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Poulsbo City Hall causes City Council brawl
The ongoing debate over Poulsbo’s new city hall boiled over at a city council committee meeting last week, with one council member storming out early.
The row over the $15.8 million building, under construction, involved a $115,000 payment last year to the city’s architecture firm for additional design work.
Councilwomen Becky Erickson and Linda Berry-Maraist, critics of the project, said the full council was not informed of the “change order,” or cost increase, and should have been because it changes a contract. Lewis Architects originally asked for $200,000 for additional design work on the building’s parking garage, atrium and other features, officials said.
The payment was legal and proper, said City Attorney Jim Haney. The $115,000 sum was negotiated down by Mayor Kathryn Quade and paid in November.
Councilman Dale Rudolph, who left the meeting early after a taking offense to Berry-Maraist’s statement that the information was “hidden” from the council, said he knew of the cost increase and the negotiation, and asked to be involved because of his background in project management. Rudolph said information on the contract change had been included in council materials.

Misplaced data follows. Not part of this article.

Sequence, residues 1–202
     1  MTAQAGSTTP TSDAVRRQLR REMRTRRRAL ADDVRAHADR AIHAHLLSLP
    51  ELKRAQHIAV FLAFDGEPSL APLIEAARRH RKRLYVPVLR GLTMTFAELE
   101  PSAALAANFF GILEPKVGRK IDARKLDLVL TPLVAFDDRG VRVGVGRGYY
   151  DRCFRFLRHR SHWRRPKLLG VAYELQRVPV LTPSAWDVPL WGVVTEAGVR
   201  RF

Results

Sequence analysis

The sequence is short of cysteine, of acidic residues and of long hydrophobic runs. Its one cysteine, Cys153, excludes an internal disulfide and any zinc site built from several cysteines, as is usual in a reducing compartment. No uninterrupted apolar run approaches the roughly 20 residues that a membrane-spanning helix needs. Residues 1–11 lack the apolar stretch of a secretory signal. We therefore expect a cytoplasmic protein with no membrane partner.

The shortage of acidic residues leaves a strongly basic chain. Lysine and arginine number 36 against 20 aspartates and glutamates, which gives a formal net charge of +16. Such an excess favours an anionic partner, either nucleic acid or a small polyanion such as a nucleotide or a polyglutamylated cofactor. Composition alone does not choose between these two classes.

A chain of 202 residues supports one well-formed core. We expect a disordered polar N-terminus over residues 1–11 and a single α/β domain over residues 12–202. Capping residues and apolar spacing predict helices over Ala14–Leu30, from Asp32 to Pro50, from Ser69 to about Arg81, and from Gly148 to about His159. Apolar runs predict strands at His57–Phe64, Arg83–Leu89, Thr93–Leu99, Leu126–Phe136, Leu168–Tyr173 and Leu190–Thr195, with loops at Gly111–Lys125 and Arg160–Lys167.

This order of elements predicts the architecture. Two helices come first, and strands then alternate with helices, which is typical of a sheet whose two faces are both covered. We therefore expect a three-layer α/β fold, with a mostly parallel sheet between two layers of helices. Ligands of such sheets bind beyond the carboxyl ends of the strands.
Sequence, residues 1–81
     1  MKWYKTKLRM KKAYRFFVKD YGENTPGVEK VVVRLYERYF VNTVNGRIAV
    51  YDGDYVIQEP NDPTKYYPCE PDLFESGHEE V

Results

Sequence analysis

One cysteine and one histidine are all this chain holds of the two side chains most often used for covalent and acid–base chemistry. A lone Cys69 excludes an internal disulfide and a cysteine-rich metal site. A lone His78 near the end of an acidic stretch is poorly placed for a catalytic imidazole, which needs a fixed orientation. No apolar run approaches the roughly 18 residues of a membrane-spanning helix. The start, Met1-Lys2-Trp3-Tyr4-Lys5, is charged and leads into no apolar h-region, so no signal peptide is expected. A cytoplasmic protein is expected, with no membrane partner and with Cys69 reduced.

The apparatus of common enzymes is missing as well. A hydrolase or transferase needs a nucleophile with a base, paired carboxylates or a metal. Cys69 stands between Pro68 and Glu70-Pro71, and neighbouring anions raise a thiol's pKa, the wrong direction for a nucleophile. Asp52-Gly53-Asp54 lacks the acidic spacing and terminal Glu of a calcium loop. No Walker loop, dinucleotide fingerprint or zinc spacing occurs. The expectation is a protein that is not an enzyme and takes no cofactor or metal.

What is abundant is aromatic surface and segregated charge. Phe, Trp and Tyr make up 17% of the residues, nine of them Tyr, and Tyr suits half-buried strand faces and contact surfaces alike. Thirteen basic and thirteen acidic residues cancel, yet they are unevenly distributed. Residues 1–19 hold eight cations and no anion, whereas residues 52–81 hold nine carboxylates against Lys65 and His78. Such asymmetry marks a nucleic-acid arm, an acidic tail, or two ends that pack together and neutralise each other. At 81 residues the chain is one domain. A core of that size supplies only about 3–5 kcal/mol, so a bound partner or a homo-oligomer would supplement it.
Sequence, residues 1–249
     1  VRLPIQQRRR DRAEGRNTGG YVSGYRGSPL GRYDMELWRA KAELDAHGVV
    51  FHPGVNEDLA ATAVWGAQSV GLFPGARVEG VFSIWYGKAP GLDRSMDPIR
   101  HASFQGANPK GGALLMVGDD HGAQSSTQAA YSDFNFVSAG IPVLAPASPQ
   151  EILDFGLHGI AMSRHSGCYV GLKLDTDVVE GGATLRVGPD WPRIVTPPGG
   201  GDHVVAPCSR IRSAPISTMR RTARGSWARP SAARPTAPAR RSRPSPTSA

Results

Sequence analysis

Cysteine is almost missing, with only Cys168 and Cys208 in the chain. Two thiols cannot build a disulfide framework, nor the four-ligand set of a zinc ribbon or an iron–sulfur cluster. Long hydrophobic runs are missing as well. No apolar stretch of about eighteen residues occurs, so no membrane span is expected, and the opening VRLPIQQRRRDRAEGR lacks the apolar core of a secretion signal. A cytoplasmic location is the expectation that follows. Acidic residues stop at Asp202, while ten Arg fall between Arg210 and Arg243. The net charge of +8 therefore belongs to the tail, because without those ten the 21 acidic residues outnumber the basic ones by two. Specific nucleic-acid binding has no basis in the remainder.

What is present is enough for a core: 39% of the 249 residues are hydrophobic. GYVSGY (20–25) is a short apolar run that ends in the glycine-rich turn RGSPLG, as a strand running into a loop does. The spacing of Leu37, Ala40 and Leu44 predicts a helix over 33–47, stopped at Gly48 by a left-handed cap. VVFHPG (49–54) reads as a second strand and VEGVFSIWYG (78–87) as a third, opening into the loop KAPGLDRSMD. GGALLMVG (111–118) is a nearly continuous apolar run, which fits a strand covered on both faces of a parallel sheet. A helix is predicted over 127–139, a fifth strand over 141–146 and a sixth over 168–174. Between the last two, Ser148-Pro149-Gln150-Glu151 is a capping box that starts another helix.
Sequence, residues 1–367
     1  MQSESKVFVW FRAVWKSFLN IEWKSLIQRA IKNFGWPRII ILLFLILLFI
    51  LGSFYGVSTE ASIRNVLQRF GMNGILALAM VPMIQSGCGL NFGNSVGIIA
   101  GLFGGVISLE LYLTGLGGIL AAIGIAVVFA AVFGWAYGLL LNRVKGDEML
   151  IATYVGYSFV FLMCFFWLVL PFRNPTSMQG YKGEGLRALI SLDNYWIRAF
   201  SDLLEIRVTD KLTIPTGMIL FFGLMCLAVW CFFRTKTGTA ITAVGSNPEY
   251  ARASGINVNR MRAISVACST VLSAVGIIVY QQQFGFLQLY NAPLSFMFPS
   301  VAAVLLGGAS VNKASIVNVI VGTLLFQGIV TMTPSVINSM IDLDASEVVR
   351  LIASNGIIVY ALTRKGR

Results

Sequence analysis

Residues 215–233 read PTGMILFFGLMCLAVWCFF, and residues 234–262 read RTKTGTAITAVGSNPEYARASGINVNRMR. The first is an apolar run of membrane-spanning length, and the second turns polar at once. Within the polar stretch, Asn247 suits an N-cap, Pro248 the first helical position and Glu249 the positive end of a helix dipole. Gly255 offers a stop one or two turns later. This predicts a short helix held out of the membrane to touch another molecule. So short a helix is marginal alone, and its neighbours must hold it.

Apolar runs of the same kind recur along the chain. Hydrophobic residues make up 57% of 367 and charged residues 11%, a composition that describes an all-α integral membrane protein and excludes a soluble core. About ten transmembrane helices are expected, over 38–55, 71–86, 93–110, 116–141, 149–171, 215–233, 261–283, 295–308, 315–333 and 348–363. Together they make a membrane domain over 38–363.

Rudolph acknowledged that he can be blunt-spoken but resented what he felt was an accusation that he was dishonest in not sharing the information with the rest of the council.
“If she’s going to say ‘You’re a liar,’ I’m just not going to talk to her, because I’m not a liar,” Rudolph said after the meeting.
However, Rudolph said he could work with the council despite the acrimony.
Rudolph wasn’t the only person to take offense to Berry-Maraist’s comment.
“I really do resent that implication,” Quade said.
Erickson said she discovered the payment about two weeks ago in a routine audit she performed as a member of the Finance Committee. Erickson was a member of the city hall project team in the fall of 2008, along with Rudolph and Quade. The firm’s original bill was about $660,000, officials said.
Erickson said she wants stronger controls on the city’s ability to negotiate contracts without knowledge of the full council, but
Councilman Ed Stern said those new policies would be meaningless, considering the city isn’t likely to approve such a large project soon.
During the meeting Stern remarked he preferred to have the discussion in committee, when council members would not be “mobbed by the public and the press.” Asked later to clarify, he said too much was at stake to air grievances at a full council meeting, which are better attended and televised than committee meetings.
The committee meeting, “doesn’t lend itself to demagoguery,” Stern said.
“When you’ve got $15.8 million in taxpayer money on the table, that’s unexcusable and not tenable,” he said. “That’s my commitment and that was accomplished.”
Stern said the flare-up was a sign of a healthy council willing to wrestle with issues.
“I’d rather have that than a bobble head council.”